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A Brief Guide to Star Trek

3.61  ·  Rating Details ·  54 Ratings  ·  18 Reviews
The 'Star Trek' franchise continues to have cultural, social and political resonance around the world. In this book Brian J. Robb charts the rise of the show and explores its impact on our culture.
Paperback, 288 pages
Published April 1st 2012 by Robinson Publishing (first published January 1st 2012)
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Jul 08, 2013 Annette rated it it was ok  ·  review of another edition
To be honest - I am a bit dissapointed by this book. Even though there is a lot of interessting information on who was involved in the ongoing Star Trek creative process and how the whole idea evolved, it leaves a very bitter aftertaste.
Yes, of course, the TV business is not all jolly and happy and the maker of a hero-show don't have to be heros themselves - but the whole tone of the book and its judgement on all Start Trek TV shows is quite hard. The only thing that seems to be good is the new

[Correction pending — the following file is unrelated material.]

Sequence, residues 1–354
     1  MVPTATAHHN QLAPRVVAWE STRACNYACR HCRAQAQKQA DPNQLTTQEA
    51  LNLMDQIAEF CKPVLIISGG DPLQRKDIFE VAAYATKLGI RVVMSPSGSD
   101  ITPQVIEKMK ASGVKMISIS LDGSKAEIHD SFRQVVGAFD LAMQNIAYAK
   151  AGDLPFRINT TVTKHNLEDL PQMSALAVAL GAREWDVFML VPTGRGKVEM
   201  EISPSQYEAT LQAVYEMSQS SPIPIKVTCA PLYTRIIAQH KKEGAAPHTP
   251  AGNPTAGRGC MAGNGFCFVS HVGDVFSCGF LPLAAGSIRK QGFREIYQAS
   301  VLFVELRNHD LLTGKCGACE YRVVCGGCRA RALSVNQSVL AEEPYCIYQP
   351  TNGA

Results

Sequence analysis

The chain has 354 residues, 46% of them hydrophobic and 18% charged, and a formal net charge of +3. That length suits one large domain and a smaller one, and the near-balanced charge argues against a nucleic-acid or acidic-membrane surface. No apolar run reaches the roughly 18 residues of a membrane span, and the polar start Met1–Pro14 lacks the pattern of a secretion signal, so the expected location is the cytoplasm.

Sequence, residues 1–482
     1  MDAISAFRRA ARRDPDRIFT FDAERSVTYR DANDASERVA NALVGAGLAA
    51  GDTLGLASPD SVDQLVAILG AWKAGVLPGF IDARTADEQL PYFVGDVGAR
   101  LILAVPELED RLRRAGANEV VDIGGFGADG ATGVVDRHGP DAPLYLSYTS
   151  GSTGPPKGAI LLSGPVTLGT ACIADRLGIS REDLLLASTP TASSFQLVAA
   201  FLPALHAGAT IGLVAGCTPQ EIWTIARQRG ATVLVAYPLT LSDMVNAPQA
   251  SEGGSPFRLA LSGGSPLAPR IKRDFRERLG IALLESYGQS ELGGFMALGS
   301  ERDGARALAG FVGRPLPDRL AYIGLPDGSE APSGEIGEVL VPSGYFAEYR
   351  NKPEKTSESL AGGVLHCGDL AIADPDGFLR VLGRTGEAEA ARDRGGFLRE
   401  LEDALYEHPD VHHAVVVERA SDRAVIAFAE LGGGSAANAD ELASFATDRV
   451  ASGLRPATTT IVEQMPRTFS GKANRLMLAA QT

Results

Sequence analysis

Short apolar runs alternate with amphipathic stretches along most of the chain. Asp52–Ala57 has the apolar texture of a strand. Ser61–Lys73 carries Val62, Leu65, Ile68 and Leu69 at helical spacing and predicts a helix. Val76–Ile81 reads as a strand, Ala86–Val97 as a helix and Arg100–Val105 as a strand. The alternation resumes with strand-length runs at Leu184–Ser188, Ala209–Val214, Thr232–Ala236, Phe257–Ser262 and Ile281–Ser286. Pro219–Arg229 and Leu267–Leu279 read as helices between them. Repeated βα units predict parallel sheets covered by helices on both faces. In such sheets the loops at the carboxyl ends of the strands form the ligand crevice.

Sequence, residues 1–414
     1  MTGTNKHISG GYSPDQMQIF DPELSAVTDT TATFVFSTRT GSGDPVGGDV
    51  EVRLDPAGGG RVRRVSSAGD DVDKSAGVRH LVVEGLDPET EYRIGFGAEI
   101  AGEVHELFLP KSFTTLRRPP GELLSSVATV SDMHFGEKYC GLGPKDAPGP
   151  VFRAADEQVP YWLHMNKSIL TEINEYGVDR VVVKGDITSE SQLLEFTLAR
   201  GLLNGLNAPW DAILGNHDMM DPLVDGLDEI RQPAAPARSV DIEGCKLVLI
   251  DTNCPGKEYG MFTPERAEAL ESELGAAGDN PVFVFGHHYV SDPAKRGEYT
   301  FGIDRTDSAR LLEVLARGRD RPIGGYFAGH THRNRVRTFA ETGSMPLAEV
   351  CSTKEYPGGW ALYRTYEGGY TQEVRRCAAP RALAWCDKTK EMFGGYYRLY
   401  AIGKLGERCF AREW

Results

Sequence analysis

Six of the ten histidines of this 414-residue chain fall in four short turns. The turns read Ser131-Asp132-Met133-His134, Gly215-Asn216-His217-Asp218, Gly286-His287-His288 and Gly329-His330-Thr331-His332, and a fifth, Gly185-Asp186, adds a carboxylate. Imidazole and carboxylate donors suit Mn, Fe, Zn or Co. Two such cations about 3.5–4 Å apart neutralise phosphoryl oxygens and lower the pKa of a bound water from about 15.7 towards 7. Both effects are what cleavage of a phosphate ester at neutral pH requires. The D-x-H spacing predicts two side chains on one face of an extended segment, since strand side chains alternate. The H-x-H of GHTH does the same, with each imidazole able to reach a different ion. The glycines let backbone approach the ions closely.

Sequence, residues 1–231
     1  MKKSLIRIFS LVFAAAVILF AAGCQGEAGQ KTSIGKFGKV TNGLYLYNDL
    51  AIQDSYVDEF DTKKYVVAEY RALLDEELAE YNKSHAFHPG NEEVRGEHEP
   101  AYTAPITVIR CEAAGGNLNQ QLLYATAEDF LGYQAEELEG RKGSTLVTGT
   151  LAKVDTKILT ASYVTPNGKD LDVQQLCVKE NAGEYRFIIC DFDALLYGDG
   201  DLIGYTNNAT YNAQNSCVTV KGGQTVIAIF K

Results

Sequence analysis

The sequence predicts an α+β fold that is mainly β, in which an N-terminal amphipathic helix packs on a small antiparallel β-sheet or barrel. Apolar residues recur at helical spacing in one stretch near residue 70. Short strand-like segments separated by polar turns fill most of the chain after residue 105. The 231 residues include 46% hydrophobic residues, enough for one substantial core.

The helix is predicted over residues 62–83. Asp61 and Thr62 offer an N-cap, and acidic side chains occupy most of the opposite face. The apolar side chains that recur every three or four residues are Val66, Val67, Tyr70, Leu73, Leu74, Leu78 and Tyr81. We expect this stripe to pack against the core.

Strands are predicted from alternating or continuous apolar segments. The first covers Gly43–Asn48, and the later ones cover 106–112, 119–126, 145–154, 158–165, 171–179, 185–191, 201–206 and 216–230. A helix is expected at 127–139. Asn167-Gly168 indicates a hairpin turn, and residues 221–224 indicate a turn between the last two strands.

Jon Saul
Jan 19, 2016 Jon Saul rated it it was amazing  ·  review of another edition
A very forensic look at the history of ST especially production trivia and background. Critical of Gene Roddenberry's reputation as creator of every aspect of the franchise, and offers assesssment of why some spinoffs were more succesful than others.
Jul 03, 2015 Dave rated it really liked it  ·  review of another edition
Nice one. Not a pandering fan or studio-based thing cataloging the franchise with pretty pictures, and glorifying it with constant praise, but an honest to goodness (mostly honest) look at the background creation and the varying reception of each series and the films, and the reasons for the rise and fall in quality of the franchise over time.

Really appreciated the unwillingness to present Roddenberry as an all powerful deity responsible for the best of Trek, this book acknowledges his initial
Alex Gregory
As far as Trek primers go, you could do a hell of a lot worse than this.